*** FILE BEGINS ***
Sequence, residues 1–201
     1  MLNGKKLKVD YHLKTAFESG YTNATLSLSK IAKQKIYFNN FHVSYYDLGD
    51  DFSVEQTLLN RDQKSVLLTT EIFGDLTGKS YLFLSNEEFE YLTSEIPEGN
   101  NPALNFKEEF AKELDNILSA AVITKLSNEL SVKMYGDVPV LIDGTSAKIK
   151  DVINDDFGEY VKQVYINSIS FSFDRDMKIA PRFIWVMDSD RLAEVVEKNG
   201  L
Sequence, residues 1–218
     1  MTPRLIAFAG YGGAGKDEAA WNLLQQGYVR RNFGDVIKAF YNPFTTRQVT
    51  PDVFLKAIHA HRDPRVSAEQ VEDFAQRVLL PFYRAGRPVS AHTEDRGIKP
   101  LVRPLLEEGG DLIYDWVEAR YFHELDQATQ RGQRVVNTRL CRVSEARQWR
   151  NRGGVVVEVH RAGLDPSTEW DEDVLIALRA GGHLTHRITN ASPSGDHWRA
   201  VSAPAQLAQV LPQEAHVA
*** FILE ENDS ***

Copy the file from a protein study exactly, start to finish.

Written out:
Sequence, residues 1–201
     1  MLNGKKLKVD YHLKTAFESG YTNATLSLSK IAKQKIYFNN FHVSYYDLGD
    51  DFSVEQTLLN RDQKSVLLTT EIFGDLTGKS YLFLSNEEFE YLTSEIPEGN
   101  NPALNFKEEF AKELDNILSA AVITKLSNEL SVKMYGDVPV LIDGTSAKIK
   151  DVINDDFGEY VKQVYINSIS FSFDRDMKIA PRFIWVMDSD RLAEVVEKNG
   201  L
Sequence, residues 1–218
     1  MTPRLIAFAG YGGAGKDEAA WNLLQQGYVR RNFGDVIKAF YNPFTTRQVT
    51  PDVFLKAIHA HRDPRVSAEQ VEDFAQRVLL PFYRAGRPVS AHTEDRGIKP
   101  LVRPLLEEGG DLIYDWVEAR YFHELDQATQ RGQRVVNTRL CRVSEARQWR
   151  NRGGVVVEVH RAGLDPSTEW DEDVLIALRA GGHLTHRITN ASPSGDHWRA
   201  VSAPAQLAQV LPQEAHVA